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Elise_a18

  • one year ago

I don't know how to find the "product of a slope" Somebody please help :(

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  1. IrishBoy123
    • one year ago
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    it's most likely where you last left it :p unless you have a specific example to share.

  2. zpupster
    • one year ago
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    product of a slope?????? if two lines are perpendicular then the product of their slope is -1.

  3. kawii2004
    • one year ago
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    -1

  4. whpalmer4
    • one year ago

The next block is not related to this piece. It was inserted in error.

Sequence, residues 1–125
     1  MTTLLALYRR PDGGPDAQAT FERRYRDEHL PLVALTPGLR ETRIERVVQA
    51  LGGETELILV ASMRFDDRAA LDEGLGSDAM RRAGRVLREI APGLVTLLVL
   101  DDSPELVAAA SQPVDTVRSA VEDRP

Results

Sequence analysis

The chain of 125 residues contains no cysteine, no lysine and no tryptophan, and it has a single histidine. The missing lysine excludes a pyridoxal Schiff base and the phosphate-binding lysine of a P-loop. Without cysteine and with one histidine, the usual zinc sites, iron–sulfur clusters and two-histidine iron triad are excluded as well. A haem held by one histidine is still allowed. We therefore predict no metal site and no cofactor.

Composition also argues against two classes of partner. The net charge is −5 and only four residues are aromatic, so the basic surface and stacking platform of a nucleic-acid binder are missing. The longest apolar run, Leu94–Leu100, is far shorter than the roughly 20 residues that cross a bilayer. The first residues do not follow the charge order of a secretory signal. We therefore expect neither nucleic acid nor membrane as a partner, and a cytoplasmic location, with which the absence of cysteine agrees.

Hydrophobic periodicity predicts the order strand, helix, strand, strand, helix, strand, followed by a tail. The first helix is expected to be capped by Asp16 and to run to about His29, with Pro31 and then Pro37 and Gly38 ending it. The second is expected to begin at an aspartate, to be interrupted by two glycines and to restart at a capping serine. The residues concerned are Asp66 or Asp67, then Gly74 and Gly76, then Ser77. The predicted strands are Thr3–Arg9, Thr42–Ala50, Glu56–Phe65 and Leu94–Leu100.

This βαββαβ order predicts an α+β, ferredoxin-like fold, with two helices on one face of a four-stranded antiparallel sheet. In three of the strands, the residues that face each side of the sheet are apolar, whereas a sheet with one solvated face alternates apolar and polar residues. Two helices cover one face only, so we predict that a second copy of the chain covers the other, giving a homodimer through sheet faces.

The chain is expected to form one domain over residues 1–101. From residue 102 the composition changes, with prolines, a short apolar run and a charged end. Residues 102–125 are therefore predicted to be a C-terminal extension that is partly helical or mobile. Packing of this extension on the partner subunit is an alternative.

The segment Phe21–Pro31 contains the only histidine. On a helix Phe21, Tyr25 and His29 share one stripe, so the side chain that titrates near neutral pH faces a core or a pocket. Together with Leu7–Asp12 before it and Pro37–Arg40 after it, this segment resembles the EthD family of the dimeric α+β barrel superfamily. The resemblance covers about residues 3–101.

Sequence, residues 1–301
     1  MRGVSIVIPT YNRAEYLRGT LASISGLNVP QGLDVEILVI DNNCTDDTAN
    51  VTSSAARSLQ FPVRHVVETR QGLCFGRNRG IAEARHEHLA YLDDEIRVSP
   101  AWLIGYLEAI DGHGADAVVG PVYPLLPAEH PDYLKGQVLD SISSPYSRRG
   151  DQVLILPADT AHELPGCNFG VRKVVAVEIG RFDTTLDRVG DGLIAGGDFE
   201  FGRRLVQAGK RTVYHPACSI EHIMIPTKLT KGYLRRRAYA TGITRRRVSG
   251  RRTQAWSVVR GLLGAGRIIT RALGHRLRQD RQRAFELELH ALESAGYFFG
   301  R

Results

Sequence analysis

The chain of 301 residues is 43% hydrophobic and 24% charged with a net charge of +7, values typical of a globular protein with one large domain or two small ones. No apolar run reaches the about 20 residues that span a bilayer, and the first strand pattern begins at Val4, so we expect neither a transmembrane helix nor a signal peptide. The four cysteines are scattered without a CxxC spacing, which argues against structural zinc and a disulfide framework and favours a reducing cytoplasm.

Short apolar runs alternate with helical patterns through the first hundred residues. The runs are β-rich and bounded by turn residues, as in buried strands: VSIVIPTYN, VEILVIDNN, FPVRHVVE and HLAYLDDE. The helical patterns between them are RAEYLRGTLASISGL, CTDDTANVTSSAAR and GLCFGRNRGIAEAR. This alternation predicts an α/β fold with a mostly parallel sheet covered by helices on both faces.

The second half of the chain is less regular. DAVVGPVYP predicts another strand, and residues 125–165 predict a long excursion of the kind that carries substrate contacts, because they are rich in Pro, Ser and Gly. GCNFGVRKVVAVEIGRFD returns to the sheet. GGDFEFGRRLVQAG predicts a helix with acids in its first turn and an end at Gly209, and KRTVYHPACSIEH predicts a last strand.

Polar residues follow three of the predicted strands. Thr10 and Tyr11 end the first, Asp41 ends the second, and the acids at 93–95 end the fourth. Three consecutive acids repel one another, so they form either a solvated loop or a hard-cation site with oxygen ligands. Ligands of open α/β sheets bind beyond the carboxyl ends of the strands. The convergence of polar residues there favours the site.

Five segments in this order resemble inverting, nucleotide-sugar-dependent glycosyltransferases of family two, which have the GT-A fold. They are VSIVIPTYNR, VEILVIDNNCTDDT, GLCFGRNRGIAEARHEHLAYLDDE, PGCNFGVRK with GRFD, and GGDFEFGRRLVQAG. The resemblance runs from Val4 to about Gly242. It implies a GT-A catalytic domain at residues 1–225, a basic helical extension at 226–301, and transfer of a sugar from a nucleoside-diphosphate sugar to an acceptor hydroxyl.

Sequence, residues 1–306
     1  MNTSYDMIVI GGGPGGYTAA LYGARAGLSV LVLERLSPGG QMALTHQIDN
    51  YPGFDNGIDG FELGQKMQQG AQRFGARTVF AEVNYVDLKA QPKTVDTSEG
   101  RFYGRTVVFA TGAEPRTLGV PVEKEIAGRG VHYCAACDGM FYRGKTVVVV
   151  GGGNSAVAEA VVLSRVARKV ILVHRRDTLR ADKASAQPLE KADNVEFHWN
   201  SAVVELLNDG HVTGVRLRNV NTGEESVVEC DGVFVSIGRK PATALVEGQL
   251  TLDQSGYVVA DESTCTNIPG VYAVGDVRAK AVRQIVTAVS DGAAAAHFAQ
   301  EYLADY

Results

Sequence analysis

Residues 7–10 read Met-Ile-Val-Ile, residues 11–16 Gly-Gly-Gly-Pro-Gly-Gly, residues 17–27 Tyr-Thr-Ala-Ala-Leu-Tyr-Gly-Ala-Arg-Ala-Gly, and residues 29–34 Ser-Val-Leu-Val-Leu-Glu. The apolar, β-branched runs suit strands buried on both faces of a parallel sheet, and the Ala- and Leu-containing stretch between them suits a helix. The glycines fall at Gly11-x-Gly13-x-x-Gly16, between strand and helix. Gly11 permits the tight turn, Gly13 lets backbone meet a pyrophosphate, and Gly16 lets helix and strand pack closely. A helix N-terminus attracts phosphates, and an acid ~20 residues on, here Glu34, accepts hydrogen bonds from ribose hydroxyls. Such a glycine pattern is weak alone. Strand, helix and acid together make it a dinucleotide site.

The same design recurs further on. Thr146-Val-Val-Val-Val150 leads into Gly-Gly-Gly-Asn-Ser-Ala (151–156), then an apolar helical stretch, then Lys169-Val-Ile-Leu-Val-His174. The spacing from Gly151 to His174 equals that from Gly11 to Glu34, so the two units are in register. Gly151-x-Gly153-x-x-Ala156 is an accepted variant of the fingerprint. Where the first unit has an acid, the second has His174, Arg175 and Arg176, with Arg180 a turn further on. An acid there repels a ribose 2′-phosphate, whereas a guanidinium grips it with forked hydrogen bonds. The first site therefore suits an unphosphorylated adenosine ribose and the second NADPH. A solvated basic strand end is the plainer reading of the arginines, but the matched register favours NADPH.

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    If you have a pair of lines, you can find their slopes by rearranging each line into "slope-intercept" form, which is \[y = mx+b\]where \(m\) is the slope and \(b\) is the \(y\)-intercept. Having found the slope for the first line (call it \(m_1\)) and the second line (call it \(m_2\)) you find the product of the slopes by simply multiplying them together... \(m_1 * m_2\) The most frequent reason for wanting to know this is to determine if the lines are perpendicular. A pair of perpendicular lines will have a product of their slopes which equals \(-1\), except in the case where one line is vertical \(y = k_1\) and the other is horizontal \(x = k_2\) (\(k_1, k_2\) are constants)

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